Improving farm irrigation systems

Irrigating crops efficiently
Irrigation is an agricultural technique to supply crops with water. The importance of an irrigation system is that it makes available the one and only resource that limits agricultural development in the area: water. So significant is irrigation to agriculture that the world's irrigated croplands account for 73% of annual global water withdrawals, the bulk of most countries' water supplies. It is invaluable in helping to feed the growing numbers of people around the world. However, the UN Food and Agriculture Organization (FAO) estimates that half of the total area of irrigated croplands may be in danger from salinization, alkalization and waterlogging, typically as a result of over-irrigation and poor drainage conditions. It is not uncommon that 70-80% of the irrigated water does not reach the intended crops. In most cases, irrigation management needs to be improved.
Increasing the efficiency of irrigation would call for improvement in technical infrastructure and adoption of more efficient management methods. For instance, lining irrigation canals can save water by minimizing seepage. Even more effective would be avoiding the use of more water than is necessary, through the assessment of water needs for crops in various places, education of farmers on optimal use of water, and adoption of more efficient irrigation technology. It appears that drip irrigation is the most efficient method. Given the wide range of efficiency for the various other systems -- some 40-80% for gravity flow, 75-85% for a centre pivot sprinkler, and 60-92% for a drip system -- use of more efficient methods needs to be combined with sound management in order to ensure the best test result.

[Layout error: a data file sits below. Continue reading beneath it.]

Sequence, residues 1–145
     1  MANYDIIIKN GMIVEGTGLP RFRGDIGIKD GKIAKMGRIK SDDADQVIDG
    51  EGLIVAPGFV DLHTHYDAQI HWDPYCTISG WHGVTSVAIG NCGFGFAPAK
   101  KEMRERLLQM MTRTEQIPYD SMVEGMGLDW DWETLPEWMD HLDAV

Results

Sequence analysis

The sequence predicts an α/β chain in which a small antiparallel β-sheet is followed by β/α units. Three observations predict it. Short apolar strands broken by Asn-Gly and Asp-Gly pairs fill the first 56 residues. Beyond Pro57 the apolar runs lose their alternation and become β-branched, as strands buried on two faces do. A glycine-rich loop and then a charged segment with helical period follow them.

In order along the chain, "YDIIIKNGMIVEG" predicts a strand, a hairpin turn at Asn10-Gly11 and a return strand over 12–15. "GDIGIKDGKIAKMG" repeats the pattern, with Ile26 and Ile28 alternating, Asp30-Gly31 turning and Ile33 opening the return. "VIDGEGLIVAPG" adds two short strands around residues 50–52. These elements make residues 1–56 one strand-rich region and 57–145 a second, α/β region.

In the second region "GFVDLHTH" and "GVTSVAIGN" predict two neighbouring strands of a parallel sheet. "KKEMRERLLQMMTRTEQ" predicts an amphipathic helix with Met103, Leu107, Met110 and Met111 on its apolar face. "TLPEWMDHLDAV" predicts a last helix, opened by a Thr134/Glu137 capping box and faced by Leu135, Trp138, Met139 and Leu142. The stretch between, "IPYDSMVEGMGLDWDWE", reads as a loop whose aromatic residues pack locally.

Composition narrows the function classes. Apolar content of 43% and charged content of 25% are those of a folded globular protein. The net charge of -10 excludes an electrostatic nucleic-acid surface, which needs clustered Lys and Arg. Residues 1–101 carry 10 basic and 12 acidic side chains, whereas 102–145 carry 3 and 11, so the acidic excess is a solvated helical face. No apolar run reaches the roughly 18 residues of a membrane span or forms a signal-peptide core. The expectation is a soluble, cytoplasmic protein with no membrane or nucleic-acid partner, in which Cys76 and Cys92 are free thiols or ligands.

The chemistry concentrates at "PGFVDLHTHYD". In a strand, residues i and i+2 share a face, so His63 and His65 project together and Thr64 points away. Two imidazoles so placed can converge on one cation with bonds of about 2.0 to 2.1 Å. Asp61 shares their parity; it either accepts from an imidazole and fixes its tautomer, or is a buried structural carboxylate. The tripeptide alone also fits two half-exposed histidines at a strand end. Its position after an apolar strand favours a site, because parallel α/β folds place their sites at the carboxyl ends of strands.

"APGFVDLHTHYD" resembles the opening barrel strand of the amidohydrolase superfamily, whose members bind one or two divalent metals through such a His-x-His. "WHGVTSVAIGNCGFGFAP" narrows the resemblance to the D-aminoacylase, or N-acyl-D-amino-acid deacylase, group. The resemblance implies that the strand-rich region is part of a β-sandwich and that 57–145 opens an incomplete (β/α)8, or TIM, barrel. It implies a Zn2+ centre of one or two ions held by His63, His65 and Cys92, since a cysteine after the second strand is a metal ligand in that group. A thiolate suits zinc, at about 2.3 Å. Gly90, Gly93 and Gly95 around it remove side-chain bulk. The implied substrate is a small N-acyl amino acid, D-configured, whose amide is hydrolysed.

Farmers could also reduce water withdrawal by scheduling their irrigation according to the actual weather conditions, evapo-transpiration rates, soil moisture and water requirement for particular crops. Co-ordination of the use and management of ground water and surface water can significantly increase the total efficiency of irrigation water in particular agricultural regions. Other available options to reduce the pressure of the demand for fresh water are the use of brackish water and the use of treated waste water for irrigation of salt-tolerant crops and for supplying certain industrial users. Brackish water for irrigation already plays a certain role in some countries, particularly in western Asia.

Recently, the cost/benefit issue has led to analysing irrigation investments in terms of grain prices needed to cover costs. In developing countries, capital costs for large-scale irrigation projects typically amount to some US$5,000/hectare, whereas those for small-scale projects such as tubewells and line lift pumps amount to only $1,000/hectare. In view of the cost differential, large incremental grain yields would be required to justify large-scale systems. In the past, large projects have contributed only 1/3-1 ton/hectare in yield increase as against a requirement of 2.5-15 tonnes/hectare to justify costs. It is therefore preferable both from the ecological and economic points of view to concentrate more efforts on irrigation systems that involve low capital costs.

Type Classification:
D: Detailed strategies